A very unfortunate story.

April 25 2014 at 4:14 AM Report abuse rate up rate down Reply

But, don't the family of the body ( prepared to be cremeted) want to have a last look at the deceased before starting the cremetion process?

April 23 2014 at 2:49 AM Report abuse rate up rate down Reply

My deepest sympathy to both families.

April 23 2014 at 2:03 AM Report abuse +1 rate up rate down Reply

this happened to my family too.... we went to view my dad at the mortuary and it was my dad's coffin and my dad's suit BUT it wasn't my dad. the people at the mortuary were beside themselves, most had worked there for25+ years and said this had never happened before. only my mom and I were going to view my dad, but after the mix up my whole family went to see him.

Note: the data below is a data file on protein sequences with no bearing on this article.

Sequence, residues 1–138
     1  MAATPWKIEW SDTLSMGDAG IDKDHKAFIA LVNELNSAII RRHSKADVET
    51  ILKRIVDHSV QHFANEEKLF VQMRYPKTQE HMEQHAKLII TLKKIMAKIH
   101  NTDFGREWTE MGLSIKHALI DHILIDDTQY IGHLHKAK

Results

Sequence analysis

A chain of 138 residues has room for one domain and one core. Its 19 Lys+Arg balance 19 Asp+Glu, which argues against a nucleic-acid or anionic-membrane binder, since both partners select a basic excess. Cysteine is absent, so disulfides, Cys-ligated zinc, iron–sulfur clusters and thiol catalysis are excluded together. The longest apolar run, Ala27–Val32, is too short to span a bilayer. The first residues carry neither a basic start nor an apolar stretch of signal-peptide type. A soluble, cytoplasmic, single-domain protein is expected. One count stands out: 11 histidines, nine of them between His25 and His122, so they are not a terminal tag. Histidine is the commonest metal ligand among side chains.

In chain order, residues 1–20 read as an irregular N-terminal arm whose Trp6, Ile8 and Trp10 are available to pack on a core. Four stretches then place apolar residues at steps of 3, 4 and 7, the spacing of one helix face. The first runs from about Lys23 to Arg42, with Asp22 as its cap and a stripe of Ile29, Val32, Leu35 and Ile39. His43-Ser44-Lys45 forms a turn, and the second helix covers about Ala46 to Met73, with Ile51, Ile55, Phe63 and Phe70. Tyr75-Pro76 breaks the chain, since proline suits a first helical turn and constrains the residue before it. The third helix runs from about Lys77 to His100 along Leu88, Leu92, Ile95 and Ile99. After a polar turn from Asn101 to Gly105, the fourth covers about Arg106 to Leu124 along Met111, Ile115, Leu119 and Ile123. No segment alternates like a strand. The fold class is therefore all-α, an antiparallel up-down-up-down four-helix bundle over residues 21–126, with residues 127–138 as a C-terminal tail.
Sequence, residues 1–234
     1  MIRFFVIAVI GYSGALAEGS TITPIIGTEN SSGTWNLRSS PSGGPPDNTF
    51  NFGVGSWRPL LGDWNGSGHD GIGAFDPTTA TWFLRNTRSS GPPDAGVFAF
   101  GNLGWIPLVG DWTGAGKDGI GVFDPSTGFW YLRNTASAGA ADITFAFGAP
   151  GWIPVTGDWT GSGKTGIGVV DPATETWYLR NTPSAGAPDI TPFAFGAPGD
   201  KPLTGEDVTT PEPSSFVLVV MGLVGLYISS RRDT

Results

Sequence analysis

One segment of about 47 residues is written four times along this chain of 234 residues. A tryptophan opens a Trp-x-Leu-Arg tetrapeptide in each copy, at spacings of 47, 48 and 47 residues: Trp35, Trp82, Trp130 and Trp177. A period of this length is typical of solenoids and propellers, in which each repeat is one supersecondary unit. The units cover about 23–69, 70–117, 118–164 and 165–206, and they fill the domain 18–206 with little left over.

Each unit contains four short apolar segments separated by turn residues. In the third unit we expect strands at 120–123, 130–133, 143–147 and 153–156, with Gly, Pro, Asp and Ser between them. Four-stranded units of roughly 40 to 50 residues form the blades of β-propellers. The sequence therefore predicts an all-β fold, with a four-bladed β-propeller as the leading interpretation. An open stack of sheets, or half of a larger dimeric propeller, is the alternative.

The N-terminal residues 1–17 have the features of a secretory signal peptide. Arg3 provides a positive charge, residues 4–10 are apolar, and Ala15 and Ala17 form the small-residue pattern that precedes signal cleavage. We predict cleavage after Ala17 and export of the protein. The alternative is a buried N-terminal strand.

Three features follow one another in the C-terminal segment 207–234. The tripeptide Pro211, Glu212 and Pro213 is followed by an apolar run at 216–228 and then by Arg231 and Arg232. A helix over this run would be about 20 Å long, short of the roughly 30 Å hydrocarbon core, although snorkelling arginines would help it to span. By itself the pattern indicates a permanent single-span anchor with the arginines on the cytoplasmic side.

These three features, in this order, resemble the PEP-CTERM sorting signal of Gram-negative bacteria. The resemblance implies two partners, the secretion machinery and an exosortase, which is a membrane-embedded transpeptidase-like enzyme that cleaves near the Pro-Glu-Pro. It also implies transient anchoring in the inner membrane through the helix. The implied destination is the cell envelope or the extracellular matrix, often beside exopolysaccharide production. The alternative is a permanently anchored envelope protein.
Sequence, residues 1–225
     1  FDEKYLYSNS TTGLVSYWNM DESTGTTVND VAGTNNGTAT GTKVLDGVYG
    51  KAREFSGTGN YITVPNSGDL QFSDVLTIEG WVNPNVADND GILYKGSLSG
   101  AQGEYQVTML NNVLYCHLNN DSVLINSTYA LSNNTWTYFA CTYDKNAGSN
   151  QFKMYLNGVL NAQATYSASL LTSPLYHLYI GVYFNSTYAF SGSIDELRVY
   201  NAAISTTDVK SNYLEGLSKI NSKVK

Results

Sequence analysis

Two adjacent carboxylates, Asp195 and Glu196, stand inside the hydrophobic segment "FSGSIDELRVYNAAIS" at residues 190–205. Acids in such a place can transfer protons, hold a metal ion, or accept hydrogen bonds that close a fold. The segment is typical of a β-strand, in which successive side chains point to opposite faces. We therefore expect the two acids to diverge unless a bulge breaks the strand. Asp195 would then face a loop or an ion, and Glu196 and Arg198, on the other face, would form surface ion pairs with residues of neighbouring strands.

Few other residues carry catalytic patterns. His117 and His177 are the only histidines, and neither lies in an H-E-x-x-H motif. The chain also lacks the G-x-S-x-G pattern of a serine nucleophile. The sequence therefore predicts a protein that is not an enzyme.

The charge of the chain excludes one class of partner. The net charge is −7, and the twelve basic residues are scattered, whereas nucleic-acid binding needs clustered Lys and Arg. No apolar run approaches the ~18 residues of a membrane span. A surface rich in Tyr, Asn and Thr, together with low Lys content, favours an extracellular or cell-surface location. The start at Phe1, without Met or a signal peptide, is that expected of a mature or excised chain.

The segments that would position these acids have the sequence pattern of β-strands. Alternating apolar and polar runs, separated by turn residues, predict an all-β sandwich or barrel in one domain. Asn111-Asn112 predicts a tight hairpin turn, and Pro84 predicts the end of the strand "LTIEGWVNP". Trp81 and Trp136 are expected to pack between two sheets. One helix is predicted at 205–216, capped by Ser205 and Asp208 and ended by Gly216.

April 23 2014 at 2:00 AM Report abuse rate up rate down Reply

well there you go... everyone eventually gets their 15 minutes of fame..

April 23 2014 at 1:59 AM Report abuse -2 rate up rate down Reply

Many years ago I earned a living as an apprentice embalmer going to college. I also did 'first calls' the initial removal of the body from the place of death. Upon returning to the mortuary we would write the name on the upper thigh with a black marking pen. Toe tags could be a great opportunity for a malcontent to switch tags and that too has happened in the past. As for wrist bands, I never trusted them, the best was to immediately label the case upon arrival in the mortuary or prep room.
Even if the guy loved the idea of being cremated, no one at this point is going to miss this opportunity to grab a few extra bucks...... :)
John J. Nazarian, Private Investigator

April 23 2014 at 1:46 AM Report abuse rate up rate down Reply